Employers: How to get a candidate to accept your offer. Try thinking like the NY Yankees!
Getting a candidate to accept an offer is often the hardest part of hiring someone today. Besides dealing with a counter-offer if the candidate is any good, there are the emotional ties that people have to their current bosses and companies. All of this stuff can be tough to navigate, but I am here to help.
Before we get into my bulletproof steps to getting someone to take the job, you have to make sure that you are not the problem. I cannot tell you how many times I’ve had a client come to me and complain that they can’t give jobs away. These seemed like great jobs--high paying, good access, the whole package--but no one seemed to want them. The hiring managers were baffled. It took me five minutes to figure out their issue: they had a garbage Glassdoor rating. No one wanted to work for them because there were reams of comments about how terrible it was to work there. The moral of the story is that I know you think you have a good reputation, but you have to know for sure. I’ve written about Glassdoor and sites like it in this space before, but basically, they are the “Yelp” of the workplace. If you’re having trouble filling a position that seems like a phenomenal opportunity, go take a look at your company’s Glassdoor reputation. See if you have a profile, and/or if a former employee wrote something terrible about your company. You never know if that is influencing someone, and, in fact, I can tell you it usually is. You’re fighting an uphill battle if the first thing a prospective employee knows about your company is that it isn’t great to work there. It’s terrible, I know, but welcome to the internet!
With that said, let’s assume that your company is the paragon of excellence, that everyone who has ever set foot in the building is immediately filled with a warm glowing feeling, but still you can’t get the candidates you want to accept your offer. In most scenarios, you will need to offer any good candidate a raise to convince them to leave their current jobs. Especially in this economy, if you aren’t offering a raise, then it’s tough to get good candidates to accept your offer. In fact, if you’re offering anything under a 15% bump in their base salary, that likely isn’t enough to land the deal, either--push closer to 20%. I don’t necessarily recommend going above a 20% increased to their base because once you give someone a base salary that high, you’re stuck with it forever.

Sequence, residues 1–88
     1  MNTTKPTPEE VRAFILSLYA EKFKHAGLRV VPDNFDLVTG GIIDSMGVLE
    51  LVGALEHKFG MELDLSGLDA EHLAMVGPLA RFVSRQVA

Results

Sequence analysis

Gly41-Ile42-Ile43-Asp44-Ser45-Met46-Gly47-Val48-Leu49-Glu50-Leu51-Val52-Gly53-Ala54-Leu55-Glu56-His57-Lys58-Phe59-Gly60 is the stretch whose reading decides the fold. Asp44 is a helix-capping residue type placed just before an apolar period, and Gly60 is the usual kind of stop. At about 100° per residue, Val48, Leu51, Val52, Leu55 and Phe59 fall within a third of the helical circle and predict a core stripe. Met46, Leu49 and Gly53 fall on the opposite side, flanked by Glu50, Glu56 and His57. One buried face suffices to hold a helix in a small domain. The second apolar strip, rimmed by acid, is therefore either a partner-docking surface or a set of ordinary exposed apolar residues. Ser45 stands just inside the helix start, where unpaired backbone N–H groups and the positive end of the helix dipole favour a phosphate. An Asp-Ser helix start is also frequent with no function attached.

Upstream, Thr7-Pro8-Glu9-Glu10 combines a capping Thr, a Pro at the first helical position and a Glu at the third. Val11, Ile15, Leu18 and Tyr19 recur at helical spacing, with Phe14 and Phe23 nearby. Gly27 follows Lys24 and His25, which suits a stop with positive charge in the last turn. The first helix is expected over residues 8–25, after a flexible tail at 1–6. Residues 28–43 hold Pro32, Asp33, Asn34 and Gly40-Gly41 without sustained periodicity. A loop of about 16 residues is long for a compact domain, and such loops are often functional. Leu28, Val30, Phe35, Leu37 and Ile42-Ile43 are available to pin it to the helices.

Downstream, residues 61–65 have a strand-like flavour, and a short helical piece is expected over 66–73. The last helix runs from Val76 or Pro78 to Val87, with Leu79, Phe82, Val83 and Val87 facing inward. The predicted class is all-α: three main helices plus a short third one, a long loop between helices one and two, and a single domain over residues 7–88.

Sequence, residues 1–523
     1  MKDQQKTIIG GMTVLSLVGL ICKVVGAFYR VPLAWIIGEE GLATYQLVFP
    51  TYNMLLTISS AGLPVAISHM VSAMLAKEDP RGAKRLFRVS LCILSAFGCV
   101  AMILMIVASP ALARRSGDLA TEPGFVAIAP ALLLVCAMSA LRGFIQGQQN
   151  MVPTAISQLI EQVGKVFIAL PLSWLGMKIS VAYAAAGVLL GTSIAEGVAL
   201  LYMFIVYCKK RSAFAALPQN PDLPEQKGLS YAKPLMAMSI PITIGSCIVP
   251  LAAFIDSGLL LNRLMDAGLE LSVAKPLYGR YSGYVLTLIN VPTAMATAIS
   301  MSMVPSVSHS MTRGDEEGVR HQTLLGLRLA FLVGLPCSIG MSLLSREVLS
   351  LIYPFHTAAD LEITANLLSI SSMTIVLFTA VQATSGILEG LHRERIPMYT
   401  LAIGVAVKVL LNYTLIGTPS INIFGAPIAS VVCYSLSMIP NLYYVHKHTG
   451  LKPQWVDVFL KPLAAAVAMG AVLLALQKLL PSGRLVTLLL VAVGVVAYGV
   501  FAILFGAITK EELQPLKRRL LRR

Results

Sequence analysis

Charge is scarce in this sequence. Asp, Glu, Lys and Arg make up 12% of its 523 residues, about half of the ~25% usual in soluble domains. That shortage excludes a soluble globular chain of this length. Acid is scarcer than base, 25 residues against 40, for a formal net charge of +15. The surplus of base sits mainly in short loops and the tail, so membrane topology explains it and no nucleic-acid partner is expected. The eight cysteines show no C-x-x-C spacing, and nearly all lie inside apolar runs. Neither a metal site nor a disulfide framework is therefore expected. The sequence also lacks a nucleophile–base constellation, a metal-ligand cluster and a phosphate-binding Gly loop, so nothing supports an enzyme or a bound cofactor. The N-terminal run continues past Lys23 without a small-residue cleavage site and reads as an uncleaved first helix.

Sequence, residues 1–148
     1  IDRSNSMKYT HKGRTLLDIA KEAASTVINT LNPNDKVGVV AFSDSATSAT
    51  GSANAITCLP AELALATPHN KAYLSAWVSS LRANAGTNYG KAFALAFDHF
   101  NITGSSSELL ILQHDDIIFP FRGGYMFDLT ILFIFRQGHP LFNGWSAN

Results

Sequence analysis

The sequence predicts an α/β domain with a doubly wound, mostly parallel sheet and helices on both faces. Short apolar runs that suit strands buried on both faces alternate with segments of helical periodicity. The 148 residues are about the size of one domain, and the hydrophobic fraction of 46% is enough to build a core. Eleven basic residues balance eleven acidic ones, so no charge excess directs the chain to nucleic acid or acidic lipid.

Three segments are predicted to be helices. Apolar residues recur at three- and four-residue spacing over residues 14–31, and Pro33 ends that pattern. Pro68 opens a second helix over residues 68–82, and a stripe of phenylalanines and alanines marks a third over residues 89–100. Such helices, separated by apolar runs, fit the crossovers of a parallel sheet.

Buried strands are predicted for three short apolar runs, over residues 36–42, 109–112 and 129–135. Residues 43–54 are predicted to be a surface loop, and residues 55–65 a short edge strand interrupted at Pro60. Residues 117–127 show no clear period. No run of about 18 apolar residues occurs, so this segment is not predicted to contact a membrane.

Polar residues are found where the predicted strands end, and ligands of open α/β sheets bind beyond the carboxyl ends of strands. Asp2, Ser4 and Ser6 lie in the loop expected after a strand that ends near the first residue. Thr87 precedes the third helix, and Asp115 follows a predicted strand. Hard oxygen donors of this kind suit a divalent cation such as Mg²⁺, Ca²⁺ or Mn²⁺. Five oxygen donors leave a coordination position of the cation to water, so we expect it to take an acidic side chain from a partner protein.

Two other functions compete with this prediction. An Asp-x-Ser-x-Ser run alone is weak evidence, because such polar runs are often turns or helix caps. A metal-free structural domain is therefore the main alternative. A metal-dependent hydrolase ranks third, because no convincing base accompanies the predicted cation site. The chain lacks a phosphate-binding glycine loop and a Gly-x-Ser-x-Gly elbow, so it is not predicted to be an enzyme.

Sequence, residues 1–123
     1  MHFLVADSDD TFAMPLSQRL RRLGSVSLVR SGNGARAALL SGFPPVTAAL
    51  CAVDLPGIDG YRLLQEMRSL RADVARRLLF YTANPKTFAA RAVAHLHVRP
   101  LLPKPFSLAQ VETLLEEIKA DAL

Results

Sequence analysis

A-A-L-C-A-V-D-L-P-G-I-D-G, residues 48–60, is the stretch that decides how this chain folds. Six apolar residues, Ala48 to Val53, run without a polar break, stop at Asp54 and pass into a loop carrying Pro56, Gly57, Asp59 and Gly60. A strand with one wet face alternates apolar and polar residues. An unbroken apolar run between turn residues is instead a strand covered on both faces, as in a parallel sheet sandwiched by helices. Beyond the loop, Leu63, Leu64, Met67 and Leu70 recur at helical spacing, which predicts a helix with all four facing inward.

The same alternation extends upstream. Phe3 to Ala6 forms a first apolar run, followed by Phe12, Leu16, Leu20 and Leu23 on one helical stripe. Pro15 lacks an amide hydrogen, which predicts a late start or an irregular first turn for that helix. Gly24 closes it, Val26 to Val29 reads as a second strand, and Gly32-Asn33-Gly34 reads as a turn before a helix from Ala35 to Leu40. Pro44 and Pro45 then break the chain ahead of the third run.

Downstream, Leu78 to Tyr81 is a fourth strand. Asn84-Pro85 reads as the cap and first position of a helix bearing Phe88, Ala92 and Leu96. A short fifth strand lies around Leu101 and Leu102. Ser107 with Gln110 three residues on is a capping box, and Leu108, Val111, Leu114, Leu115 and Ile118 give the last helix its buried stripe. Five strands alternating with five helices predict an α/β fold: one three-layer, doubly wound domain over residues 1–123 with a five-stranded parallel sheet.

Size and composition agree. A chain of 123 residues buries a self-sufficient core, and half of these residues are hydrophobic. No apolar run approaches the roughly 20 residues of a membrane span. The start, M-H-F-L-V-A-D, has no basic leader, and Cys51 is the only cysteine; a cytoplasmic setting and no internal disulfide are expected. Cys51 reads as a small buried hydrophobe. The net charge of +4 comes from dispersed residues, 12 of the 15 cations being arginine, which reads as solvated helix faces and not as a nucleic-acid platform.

Okay, so what if you have a stellar company and are offering a really great candidate a 20% increase on their base salary, but you still can’t get them to accept? Well, I recommend taking a page from the sports hiring handbook and offering a signing bonus. Not such a common term in corporate hiring, yet it’s far more common than you might realize. Consider it no different than making your base offer, but on steroids. All my clients do it, major manufacturers and small manufacturers alike do it. The deal is that you offer them a bonus upfront, which they get as soon as they sign the contract. Now, I know that none of you reading this own baseball teams where signing bonuses can be up to $40 million. Obviously, no one is suggesting that sort of pay out. In the furniture industry, depending on the position, the bonuses range from a low of 10k all the way up to 50k, sometimes a bit more. First of all, if you’ve made the hire directly, that is, without a third party or recruiter involved, don’t be a cheapskate. You just saved a huge headhunter fee, so sweeten the offer by giving the guy or gal a signing bonus. It would cost you at least 50k to hire a headhunter to do the search, so put that toward the candidate to make the sale (yes, hiring someone is like closing a sale). Even if there is a recruiter involved, your recruiter will surely tell you that there is some intangible incentive to candidates being made to feel that they are important to the business early on in the hiring process, and that is exactly what a signing bonus can do. Like Sally Field’s acceptance speech, the candidate suddenly feels that “you like them, you really like them!” I daresay, in my own experience facilitating hires for my clients, that the signing bonus is no longer a luxury for employers, but a necessity today if you want to get the candidate to yes. Try it, it works almost every time. It has a different significance than an extra high base salary alone, and for you, it’s only a one-time payment, which is even better for when the economy chills again…and that is coming my friend, just you wait.